Vocabulary is one of the five elements necessary for a reader to be considered proficient: phonemic awareness, phonics, fluency, vocabulary, and comprehension. The vast majority of students have mastered phonemic awareness, phonics and fluency issues in elementary school, so the issues that continue to hamper reading in the middle and high school grades are those of vocabulary and comprehension. Arguably, without an understanding of the words they are reading, comprehension is hampered, so teaching vocabulary, both directly and indirectly, is important to students’ ability to access the curriculum.
Ideally, teachers should identify words that students will encounter across curriculum (Tier II words) and teach these words in depth and/or reinforce their meaning. Content specific vocabulary, particularly those words related to science and math curriculum are less transferable to other subjects, but often relate to other vocabulary in the subject.
The Key to Vocabulary Routine
- Preview for difficult material
- Identify problematic words, phrases, figurative language
- Generate previewing list
- Provide background knowledge about words to aid in comprehension when reading
- Use activities that connect background knowledge about the words to background knowledge and related words
- Semantic Mapping
- Semantic Feature Analysis
- Select specific words to teach in depth
- identify a small set of keywords
- teach all aspects of the words
- develop user friendly definitions
- Identify opportunities to teach word learning strategies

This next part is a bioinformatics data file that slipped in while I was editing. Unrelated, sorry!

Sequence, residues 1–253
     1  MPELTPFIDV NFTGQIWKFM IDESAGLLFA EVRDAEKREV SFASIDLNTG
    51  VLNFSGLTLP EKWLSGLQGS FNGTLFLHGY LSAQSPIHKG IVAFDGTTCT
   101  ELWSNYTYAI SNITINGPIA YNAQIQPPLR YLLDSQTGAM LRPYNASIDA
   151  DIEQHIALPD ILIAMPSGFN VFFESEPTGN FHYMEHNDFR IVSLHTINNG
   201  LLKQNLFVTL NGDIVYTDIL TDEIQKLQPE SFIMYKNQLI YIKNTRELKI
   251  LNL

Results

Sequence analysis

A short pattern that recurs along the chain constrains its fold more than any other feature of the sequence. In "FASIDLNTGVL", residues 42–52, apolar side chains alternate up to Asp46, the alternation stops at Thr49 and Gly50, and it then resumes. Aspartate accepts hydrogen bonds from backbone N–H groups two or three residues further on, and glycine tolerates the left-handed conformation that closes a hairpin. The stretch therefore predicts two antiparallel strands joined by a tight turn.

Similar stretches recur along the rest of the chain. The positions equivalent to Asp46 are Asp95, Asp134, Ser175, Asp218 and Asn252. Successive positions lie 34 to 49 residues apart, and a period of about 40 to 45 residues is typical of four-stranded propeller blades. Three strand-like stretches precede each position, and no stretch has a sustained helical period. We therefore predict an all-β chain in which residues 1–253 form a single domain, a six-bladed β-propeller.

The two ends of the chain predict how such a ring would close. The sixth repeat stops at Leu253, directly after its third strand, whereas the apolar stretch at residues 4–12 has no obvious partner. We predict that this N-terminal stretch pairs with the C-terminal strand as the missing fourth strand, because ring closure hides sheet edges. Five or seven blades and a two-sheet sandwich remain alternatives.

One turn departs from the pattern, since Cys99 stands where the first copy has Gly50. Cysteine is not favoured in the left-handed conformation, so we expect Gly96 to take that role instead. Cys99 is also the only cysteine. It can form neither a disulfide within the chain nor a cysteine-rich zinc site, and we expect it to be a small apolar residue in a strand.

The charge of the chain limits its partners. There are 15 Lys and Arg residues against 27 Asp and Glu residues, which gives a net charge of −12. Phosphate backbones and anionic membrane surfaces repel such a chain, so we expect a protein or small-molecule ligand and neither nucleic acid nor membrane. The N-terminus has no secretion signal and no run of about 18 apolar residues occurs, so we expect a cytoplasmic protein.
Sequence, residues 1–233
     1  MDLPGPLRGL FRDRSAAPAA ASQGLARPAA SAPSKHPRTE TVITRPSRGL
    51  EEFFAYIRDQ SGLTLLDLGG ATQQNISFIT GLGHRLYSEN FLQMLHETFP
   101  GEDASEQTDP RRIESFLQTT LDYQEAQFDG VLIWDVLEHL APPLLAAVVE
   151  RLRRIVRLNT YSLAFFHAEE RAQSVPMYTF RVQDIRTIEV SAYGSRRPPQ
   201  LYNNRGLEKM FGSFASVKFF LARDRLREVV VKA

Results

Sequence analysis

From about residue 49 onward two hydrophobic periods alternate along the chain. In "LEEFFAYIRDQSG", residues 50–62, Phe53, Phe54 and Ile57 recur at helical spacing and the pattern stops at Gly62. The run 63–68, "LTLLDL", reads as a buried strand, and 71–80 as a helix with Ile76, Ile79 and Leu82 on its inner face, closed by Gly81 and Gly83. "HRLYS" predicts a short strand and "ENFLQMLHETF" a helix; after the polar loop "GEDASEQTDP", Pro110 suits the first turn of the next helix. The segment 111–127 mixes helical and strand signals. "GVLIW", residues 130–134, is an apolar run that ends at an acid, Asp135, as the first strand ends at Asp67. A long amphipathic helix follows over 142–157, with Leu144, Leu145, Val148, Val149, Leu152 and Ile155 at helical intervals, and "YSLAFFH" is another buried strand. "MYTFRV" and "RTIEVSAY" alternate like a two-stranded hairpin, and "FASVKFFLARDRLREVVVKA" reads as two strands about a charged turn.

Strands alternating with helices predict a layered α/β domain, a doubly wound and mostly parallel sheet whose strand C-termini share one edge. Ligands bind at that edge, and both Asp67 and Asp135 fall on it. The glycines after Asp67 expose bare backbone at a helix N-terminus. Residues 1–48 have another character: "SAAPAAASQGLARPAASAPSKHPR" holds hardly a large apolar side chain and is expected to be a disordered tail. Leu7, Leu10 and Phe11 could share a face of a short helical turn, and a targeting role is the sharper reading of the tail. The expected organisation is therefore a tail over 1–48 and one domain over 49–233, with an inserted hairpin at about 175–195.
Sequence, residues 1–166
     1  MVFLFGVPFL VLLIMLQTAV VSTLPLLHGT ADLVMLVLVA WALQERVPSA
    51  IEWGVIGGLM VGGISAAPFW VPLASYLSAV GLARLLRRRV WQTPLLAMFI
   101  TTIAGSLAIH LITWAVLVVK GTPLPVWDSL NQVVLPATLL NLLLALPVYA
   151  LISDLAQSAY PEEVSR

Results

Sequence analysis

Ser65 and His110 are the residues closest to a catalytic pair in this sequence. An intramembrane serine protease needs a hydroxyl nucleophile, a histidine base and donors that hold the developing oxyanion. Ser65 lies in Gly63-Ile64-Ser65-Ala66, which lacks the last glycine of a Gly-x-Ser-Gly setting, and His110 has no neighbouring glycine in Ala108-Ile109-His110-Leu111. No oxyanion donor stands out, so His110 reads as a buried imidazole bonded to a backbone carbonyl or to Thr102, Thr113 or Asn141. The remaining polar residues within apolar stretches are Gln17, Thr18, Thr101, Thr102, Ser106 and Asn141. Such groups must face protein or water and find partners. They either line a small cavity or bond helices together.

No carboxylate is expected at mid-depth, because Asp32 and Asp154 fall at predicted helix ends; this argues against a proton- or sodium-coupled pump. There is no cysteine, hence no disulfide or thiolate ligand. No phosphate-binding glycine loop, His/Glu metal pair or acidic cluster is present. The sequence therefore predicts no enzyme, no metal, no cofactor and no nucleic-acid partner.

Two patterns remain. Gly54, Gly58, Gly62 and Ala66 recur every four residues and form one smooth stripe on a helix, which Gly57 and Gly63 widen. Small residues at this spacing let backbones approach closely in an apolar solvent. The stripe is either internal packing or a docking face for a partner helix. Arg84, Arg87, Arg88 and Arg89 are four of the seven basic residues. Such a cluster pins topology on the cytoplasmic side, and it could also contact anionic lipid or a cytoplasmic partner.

- use of context to determine word meaning
- use of word parts to determine word meaning
Promote word consciousness (Sedita 2013)
One method of measuring student familiarity with vocabulary is to provide them with a list of words from their literature or text and have them rate their level of understanding, see example below.
Creating templates using two column note format can be a thoughtful way to have students learn and record vocabulary.
Make sure that the definitions that students are given do not create further obstacles to their understanding. Using different sentence frames for each part of speech can be a helpful method of simplifying the definition and providing consistency:
Noun: A ____________ is a ____________ such as _____________________.
Verb: To ____________ is to ______________such as ___________________.
Adjective: To be __________ is to be ___________ such as ________________.
Remember, students learn best when provided with multiple opportunities to interact with new vocabulary. Activities such as having them write their own sentences, sort words into categories, create their own illustrations and rank words are just a few of the options available.